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This macro prompts you to select a date range then copies the rows in that range to an already-existing worksheet
Option Explicit
'This subroutine prompts the user to select dates
'
'Code already written and described here:
'http://danwagner.co/how-to-copy-data-to-a-new-workbook-based-on-dates/
Public Sub PromptUserForInputDates()
Dim strStart As String, strEnd As String, strPromptMessage As String
'Prompt the user to input the start date
strStart = InputBox("Please enter the start date")
'Validate the input string
If Not IsDate(strStart) Then
strPromptMessage = "Oops! It looks like your entry is not a valid " & _
"date. Please retry with a valid date..."
MsgBox strPromptMessage
Exit Sub
End If
'Prompt the user to input the end date
strEnd = InputBox("Please enter the end date")
'Validate the input string
If Not IsDate(strStart) Then
strPromptMessage = "Oops! It looks like your entry is not a valid " & _
"date. Please retry with a valid date..."
MsgBox strPromptMessage
Exit Sub
End If
'Call the next subroutine, which will do produce the output workbook
Call AddToDestinationWorksheet(strStart, strEnd)
End Sub
'This subroutine creates adds the filtered data from Sheet1
'to a previously-existing destination Worksheet (called "Destination" here)
Public Sub AddToDestinationWorksheet(StartDate As String, EndDate As String)
Dim wksData As Worksheet, wksTarget As Worksheet
Dim lngLastRow As Long, lngLastCol As Long, lngDateCol As Long, _
lngDestinationLastRow As Long, lngDestinationFirstCol As Long
Dim rngFull As Range, rngResult As Range, rngTarget As Range
Dim varFiltered As Variant
'Set references up-front
Set wksTarget = ThisWorkbook.Worksheets("Destination")
Set wksData = ThisWorkbook.Worksheets("Sheet1")
lngDateCol = 8 '<~ we know dates are in column H
'Identify the full data range on Sheet1 (our data sheet) by finding
'the last row and last column
lngLastRow = LastOccupiedRowNum(wksData) '<~ straight from VBA Toolbelt!
lngLastCol = LastOccupiedColNum(wksData) '<~ straight from VBA Toolbelt!
With wksData
Set rngFull = .Range(.Cells(1, 1), .Cells(lngLastRow, lngLastCol))
End With
'Apply a filter to the full range we just assigned to get rows
'that are in-between the start and end dates
With rngFull
.AutoFilter Field:=lngDateCol, _
Criteria1:=">=" & StartDate, _
Criteria2:="<=" & EndDate
'If the resulting range contains only 1 row, that means we filtered
'everything out! Check for this situation, catch it and exit
If wksData.AutoFilter.Range.Columns(1).SpecialCells(xlCellTypeVisible).Count = 1 Then
MsgBox "Oops! Those dates filter out all data!"
'Clear the autofilter safely and exit sub
wksData.AutoFilterMode = False
If wksData.FilterMode = True Then
wksData.ShowAllData
End If
Exit Sub
Else '<~ otherwise we're all good!
'Store ONLY the visible cells (and skipping the header row), which
'match the specified date range
Set rngResult = .Offset(1, 0) _
.Resize(.Rows.Count - 1) _
.SpecialCells(xlCellTypeVisible)
'Identify the last row on the destination sheet
lngDestinationLastRow = LastOccupiedRowNum(wksTarget) '<~ <3 u VBA Toolbelt
'Identify the first column on the destination sheet:
'
'If the last row in column A is empty, execute an xlRight from
'there to find the first-occupied column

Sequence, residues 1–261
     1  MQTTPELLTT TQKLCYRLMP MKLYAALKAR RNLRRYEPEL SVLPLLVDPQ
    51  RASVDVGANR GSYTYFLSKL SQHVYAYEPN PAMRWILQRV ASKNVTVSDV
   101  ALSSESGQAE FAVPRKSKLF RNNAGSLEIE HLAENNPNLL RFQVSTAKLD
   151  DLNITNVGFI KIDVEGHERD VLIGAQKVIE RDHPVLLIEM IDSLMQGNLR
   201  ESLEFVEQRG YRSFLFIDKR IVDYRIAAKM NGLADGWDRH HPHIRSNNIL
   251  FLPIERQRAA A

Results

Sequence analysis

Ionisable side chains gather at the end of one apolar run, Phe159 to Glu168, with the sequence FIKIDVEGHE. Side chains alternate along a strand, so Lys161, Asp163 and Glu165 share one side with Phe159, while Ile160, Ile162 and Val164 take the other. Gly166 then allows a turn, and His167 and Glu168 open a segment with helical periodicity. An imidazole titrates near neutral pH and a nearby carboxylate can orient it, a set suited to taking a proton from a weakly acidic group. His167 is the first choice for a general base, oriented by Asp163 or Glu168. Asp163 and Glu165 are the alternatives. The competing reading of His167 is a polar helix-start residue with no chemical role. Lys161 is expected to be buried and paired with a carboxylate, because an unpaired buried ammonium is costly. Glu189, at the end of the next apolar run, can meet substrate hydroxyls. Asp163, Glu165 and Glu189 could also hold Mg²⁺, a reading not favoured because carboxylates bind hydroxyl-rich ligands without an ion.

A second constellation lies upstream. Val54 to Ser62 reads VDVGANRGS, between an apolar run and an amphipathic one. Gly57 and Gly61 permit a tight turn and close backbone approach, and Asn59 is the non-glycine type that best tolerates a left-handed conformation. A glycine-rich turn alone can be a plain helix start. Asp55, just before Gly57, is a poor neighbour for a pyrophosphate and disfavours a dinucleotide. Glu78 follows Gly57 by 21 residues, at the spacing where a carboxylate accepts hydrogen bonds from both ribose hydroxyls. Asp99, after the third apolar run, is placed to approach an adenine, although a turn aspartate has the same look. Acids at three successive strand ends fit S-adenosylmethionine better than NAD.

If wksTarget.Range("A" & lngDestinationLastRow).Value = vbNullString Then
lngDestinationFirstCol = wksTarget _
.Range("A" & lngDestinationLastRow) _
.End(xlToRight) _
.Column
Else '<~ otherwise, the data starts in column A (i.e. 1)
lngDestinationFirstCol = 1
End If
'Now that we know our last row and first column, setting the target is a snap!
Set rngTarget = wksTarget.Cells(lngDestinationLastRow + 1, lngDestinationFirstCol)
'Append (i.e. copy to the bottom of the data range) the filtered
'results to the Destination sheet
rngResult.Copy Destination:=rngTarget
End If
End With
'Clear the autofilter safely
wksData.AutoFilterMode = False
If wksData.FilterMode = True Then
wksData.ShowAllData
End If
'Holler at the user, our macro is done!
MsgBox "Data transferred!"
End Sub
'The functions below are pulled straight from the VBA Toolbelt,
'which you're using -- right? This kind of boilerplate code is what
'makes the VBA Toolbelt so useful! Download it here:
'
'http://danwagner.co/vba-toolbelt/
'''''''''''''''''''''''''''''''''''''''''''''''''''''''''''''''''''''''''''''''
'INPUT : Sheet, the worksheet we'll search to find the last row
'OUTPUT : Long, the last occupied row
'SPECIAL CASE: if Sheet is empty, return 1
Public Function LastOccupiedRowNum(Sheet As Worksheet) As Long
Dim lng As Long
If Application.WorksheetFunction.CountA(Sheet.Cells) <> 0 Then
With Sheet
lng = .Cells.Find(What:="*", _
After:=.Range("A1"), _
Lookat:=xlPart, _
LookIn:=xlFormulas, _
SearchOrder:=xlByRows, _
SearchDirection:=xlPrevious, _
MatchCase:=False).Row
End With
Else
lng = 1
End If
LastOccupiedRowNum = lng
End Function
'''''''''''''''''''''''''''''''''''''''''''''''''''''''''''''''''''''''''''''''
'INPUT : Sheet, the worksheet we'll search to find the last column
'OUTPUT : Long, the last occupied column
'SPECIAL CASE: if Sheet is empty, return 1
Public Function LastOccupiedColNum(Sheet As Worksheet) As Long
Dim lng As Long
If Application.WorksheetFunction.CountA(Sheet.Cells) <> 0 Then
With Sheet
lng = .Cells.Find(What:="*", _
After:=.Range("A1"), _
Lookat:=xlPart, _
LookIn:=xlFormulas, _
SearchOrder:=xlByColumns, _
SearchDirection:=xlPrevious, _
MatchCase:=False).Column
End With
Else
lng = 1
End If
LastOccupiedColNum = lng
End Function
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